Barbarians in general are a lot more aggressive in Civ VI than they were in previous games, and also quite a bit smarter. They will now send out scouts to find your civilisation and report back to their camps, after which an alarming flood of units may come towards your fledgling empire. It’s important to kill the scouts if you don’t want to waste a lot of the valuable early game dealing with barbarians. It also has the benefit of meaning that early military development can’t be entirely ignored.

This is something I like a lot about Civilization VI, in fact. It introduces a lot of changes that ensure that systems that could be relatively safely ignored or only given minor attention are now much more integrated and required. In turn, this means there’s more to do in a single game, and games themselves are now much more interesting over their entire length as a result. More importantly, there are always meaningful choices to be made with most turns, and players are encouraged to be much better at managing and building their Civ, without the game beating them over the head with it. This is genuinely smart game design, and it says a lot about the years of experience Firaxis now has with the series that it can make it work so well.

Visually, Civ VI is wonderful. The game uses a more vibrant, colourful look than Civ VI, and while there has been some kickback to the more cartoonish look, I personally really like it. The map is gorgeous, and the decision to make it look like an old map with sea monsters and compass roses in the unexplored areas is really cool. The fog of war effect is even cooler, with the game making areas you can’t currently see look as though they’ve been hand-drawn on that same old map. It’s a huge improvement over the simple darkened areas of previous games and suits the tone of the series so well.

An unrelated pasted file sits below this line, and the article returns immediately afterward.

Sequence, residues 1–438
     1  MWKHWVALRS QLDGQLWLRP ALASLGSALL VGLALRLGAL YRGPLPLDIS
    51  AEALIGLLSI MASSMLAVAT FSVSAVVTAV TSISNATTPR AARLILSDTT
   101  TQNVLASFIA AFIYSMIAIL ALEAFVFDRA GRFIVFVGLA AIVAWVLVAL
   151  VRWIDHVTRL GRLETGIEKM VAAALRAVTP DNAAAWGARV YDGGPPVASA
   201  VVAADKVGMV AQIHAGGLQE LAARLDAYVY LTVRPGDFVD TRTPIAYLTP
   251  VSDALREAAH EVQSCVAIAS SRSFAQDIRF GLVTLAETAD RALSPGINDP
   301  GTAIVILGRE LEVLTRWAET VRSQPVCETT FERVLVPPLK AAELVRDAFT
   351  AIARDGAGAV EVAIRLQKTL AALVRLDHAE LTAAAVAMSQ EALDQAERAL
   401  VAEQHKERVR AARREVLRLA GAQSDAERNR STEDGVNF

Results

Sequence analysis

World leaders all look pretty cool, too. Again, Firaxis has gone with a cartoonish, almost Pixar-esque style here, but it succeeds in bringing out their personalities in a way that previous titles never quite managed. England’s Queen Victoria is, dare I say it, downright adorable when she denounces your civilisation. There’s also the fine mustaches of Peter The Great and Theodore Roosevelt, the stern looks of Greece’s Gorgos and Scythia’s Tomyris, as well as the elegance of France’s Catherine De Medici and everyone’s favourite drinking buddy, Norway’s Harald Hardrada. They’re all good fun to interact with, and make playing the AI a dream. Diplomacy itself has evolved somewhat from Civ V, but not the dramatic overhaul that game was from Civ IV.

Civilization VI, then, is the very best the series has ever been. If you’re someone who stuck with Civ IV after being turned off by Civ V’s changes (and, perhaps more importantly, its egregious DLC model), then you’ll be pleased to know that Civ VI is everything Civ V should have been, and then some. While there are a few gaps in terms of content that will no doubt be sold as expansions down the line (and, of course, new civs with leaders to add into the game), there isn’t that sense of incompleteness that Civ V had at launch. This is a full game ready to play.

The me from 1992 would have been blown away by Civilization VI. The amazing graphics and sound, and how cool the cities and farms and units all looked would have been jaw-dropping. But underneath it all, I would have still recognised it as Civilization, and spent the entire afternoon playing it while my Mum and her friend smoked and drank coffee in the other room, not having to worry about me because I was, and I still am, learning and discovering new things about history through the game. Civilization has evolved a lot since then, but it has never needed to change.


Engrossing, engaging Civilization mechanics are better than ever
New mechanics fit well with the series
Gorgeous new look for the map


Even more potential to overtake everything else in your life.

Overall Score: